Stronger, more resilient and sustainable businesses
Progress in tailored lending
This year presented us with yet another set of challenges as we endeavoured to expand our lending portfolio, both by adding new facilities and increasing our existing customer base. We approved five new facilities, a decrease from the seven approved in the previous year. The total value of these new facilities amounted to £1.3m.
Out of these, four were related to coffee and involved Export Credit facilities. The fifth facility was extended to a French Bean producer in Rwanda who opted for a Stock Facility, a choice better aligned with their market needs. This type of facility does not restrict them to a contract and provides them with the entirety of the funds upfront, enabling them to purchase products as they become available for harvest.
In addition, we observed a reduction in the number of existing customer facility increases, with only eight recorded during the year, compared to the 18 achieved last year. These increases amounted to £721k, with an average of £90k. Out of these, four were in the form of working capital facilities, one in the form of Buyer Credit, and three as Stock facilities.
What is worth noting is the diversity in the value chains we served when it came to customer increases, with only two out of the eight relating to coffee. Apart from coffee and cocoa, we also extended our lending to a shea butter importer in the UK, a honey producer in Mexico, a soybean producer in Togo, a sphagnum moss producer and an alpaca fibre producer, both in Peru.
Increase in trading opportunities
Over the year, we have closely observed the challenges faced by our customers and despite these difficulties, our survey revealed 49% of respondents had seen increased sales, while 35% mentioned a decrease and the remainder reported static sales.
Based on the information obtained during our annual review process, we estimate that collectively these business have earned £982m, this is a slight increase from last year’s total of £954m. Furthermore, 109 customers recorded a profit this year, with 86 of them having seen an increase in the level of profit compared to the previous year.
During the producer consultations, we asked participants to share their organisations achievements and the factors that contributed to improved trading opportunities.
In Rwanda, participants highlighted the critical importance of receiving funds promptly, especially in the face of rising farm gate prices driven by intense local competition. Securing timely finance enabled them to procure coffee from their farmers ahead of their competitors. Similarly, in Uganda, where competition is also intense, the punctual disbursement of funds played a pivotal role in meeting contractual obligations with buyers. Furthermore, these producers shared that access to finance not only allowed them to retain their existing producer members but also encouraged more farmers to join their organisations. This has not only increased their capacity to purchase larger quantities of coffee but has also broadened their market opportunities, as they have been able to engage with more buyers.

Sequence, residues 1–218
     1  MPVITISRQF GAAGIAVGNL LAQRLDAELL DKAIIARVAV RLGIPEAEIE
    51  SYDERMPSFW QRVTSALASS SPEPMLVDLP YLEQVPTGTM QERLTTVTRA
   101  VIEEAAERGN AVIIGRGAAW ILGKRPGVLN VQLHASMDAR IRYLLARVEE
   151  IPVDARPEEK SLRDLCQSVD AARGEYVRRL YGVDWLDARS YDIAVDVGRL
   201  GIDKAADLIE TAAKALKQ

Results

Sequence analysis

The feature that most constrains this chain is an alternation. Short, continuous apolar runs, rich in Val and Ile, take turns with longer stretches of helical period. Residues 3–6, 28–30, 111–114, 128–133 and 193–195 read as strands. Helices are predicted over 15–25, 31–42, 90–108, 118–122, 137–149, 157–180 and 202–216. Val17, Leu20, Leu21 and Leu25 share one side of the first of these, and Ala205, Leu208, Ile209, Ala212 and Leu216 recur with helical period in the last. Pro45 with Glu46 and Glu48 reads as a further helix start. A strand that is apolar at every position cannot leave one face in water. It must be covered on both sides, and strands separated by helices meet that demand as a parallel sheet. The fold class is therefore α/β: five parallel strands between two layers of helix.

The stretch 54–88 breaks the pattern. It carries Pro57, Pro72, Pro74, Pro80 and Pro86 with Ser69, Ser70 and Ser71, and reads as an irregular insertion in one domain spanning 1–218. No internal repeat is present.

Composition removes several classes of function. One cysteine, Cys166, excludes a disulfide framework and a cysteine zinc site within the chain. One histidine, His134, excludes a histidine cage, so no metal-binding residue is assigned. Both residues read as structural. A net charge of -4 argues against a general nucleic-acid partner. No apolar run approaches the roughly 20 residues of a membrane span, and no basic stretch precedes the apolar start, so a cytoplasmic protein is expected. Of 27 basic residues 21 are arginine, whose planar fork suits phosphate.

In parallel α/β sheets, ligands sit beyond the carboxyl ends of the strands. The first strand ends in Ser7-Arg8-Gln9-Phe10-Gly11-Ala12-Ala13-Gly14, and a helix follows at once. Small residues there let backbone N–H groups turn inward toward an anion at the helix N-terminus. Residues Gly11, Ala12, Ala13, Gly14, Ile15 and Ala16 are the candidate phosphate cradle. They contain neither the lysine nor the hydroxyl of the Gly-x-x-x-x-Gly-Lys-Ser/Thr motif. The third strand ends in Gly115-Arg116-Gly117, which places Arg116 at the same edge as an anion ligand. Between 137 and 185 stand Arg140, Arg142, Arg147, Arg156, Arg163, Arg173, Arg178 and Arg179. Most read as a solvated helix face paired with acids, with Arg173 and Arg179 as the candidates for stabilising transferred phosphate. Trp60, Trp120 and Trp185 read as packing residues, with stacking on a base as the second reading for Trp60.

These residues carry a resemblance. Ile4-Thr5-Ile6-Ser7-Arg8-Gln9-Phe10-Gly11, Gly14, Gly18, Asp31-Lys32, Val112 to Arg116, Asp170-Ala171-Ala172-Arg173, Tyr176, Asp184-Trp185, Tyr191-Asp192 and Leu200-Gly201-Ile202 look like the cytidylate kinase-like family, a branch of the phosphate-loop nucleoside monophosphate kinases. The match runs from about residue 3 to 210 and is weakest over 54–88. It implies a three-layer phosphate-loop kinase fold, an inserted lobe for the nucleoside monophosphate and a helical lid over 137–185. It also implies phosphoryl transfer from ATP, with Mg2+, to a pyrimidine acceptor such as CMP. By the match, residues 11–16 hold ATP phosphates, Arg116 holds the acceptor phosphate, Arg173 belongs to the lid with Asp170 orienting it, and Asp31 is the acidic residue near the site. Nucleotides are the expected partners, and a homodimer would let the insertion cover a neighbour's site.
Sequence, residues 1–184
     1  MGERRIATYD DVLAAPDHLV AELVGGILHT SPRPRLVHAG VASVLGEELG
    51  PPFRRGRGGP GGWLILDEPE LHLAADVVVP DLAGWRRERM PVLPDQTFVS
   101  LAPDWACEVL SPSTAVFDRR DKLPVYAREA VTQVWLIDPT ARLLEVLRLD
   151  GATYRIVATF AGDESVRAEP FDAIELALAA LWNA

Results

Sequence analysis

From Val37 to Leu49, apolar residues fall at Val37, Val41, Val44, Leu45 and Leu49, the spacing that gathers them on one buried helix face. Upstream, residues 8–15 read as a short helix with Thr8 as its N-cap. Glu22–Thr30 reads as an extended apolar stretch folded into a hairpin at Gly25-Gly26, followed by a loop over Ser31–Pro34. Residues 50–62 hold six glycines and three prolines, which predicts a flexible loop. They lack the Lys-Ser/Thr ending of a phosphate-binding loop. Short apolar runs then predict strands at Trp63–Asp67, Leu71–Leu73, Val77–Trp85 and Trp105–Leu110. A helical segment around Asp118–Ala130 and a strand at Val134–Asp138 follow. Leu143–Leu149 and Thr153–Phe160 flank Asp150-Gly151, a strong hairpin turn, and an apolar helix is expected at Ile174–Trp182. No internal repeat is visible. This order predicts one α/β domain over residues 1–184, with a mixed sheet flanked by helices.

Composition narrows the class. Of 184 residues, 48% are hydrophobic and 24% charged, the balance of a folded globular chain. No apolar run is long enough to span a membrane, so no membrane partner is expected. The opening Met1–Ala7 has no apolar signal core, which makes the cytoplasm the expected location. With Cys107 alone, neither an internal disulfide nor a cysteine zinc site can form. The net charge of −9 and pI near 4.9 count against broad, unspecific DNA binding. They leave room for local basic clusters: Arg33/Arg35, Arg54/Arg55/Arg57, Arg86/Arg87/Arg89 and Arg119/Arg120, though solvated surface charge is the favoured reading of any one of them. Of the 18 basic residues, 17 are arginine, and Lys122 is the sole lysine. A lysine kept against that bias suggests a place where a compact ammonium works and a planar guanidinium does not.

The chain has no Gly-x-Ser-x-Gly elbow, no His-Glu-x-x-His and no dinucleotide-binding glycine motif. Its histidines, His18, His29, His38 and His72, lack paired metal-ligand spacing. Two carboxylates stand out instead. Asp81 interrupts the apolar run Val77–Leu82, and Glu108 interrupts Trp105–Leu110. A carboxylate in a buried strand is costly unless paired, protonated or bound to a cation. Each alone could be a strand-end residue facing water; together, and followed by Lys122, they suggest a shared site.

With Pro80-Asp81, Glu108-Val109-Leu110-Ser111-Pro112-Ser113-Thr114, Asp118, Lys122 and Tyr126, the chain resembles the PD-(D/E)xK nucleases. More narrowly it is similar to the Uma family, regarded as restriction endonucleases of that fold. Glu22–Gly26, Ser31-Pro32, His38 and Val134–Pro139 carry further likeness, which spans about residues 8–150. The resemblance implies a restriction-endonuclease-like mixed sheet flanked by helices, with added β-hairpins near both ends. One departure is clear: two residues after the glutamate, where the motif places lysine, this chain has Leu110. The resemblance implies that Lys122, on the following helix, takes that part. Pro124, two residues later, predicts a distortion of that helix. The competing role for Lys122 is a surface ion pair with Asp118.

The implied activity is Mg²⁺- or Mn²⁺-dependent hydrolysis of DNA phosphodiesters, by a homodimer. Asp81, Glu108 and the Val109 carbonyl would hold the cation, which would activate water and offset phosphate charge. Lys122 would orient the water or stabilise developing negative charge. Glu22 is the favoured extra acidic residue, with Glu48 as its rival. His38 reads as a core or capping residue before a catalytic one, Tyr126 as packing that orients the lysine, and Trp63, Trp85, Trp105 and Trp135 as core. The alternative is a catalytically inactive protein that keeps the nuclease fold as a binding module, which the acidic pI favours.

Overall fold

In Peru, one organisation highlighted a successful year for their primary product, brown sugar. Furthermore, they have made significant progress in their pre-feasibility study to incorporate technology into their production process, marking a crucial step in evaluating the potential investment for a new plant.
In Nicaragua, a coffee co-operative overcame local competition and coffee price speculation by maintaining strong communication with its members. They ensured members were well informed about the co-operative's performance, plans, and goals, and provided training in co-operative philosophy. Moreover, they enhanced their internal processes to boost operational efficiency. Additionally, they achieved a significant milestone by obtaining their own export license, which increased their independence and control over the exportation of their coffee products.
“In the time EDUCE has been formed, it has narrowed the space between the beekeepers, the producers and the clients. So the price we can get is as good as it can possibly be because there are no intermediaries. And then at the end of the year, we have a profit, a leftover amount that we can pass on to the beekeepers.”
~ EDUCE Plant Manager Juan Carlos Munguía
"My greatest pride is to have doubled our export volume of cocoa beans in four years, from 3,000 to 6,000 tonnes. We do not intend to stop there, because the vision is much bigger.”
~ Aboudramane Traoré Sustainability and Export Manager of CAYATBack to Menu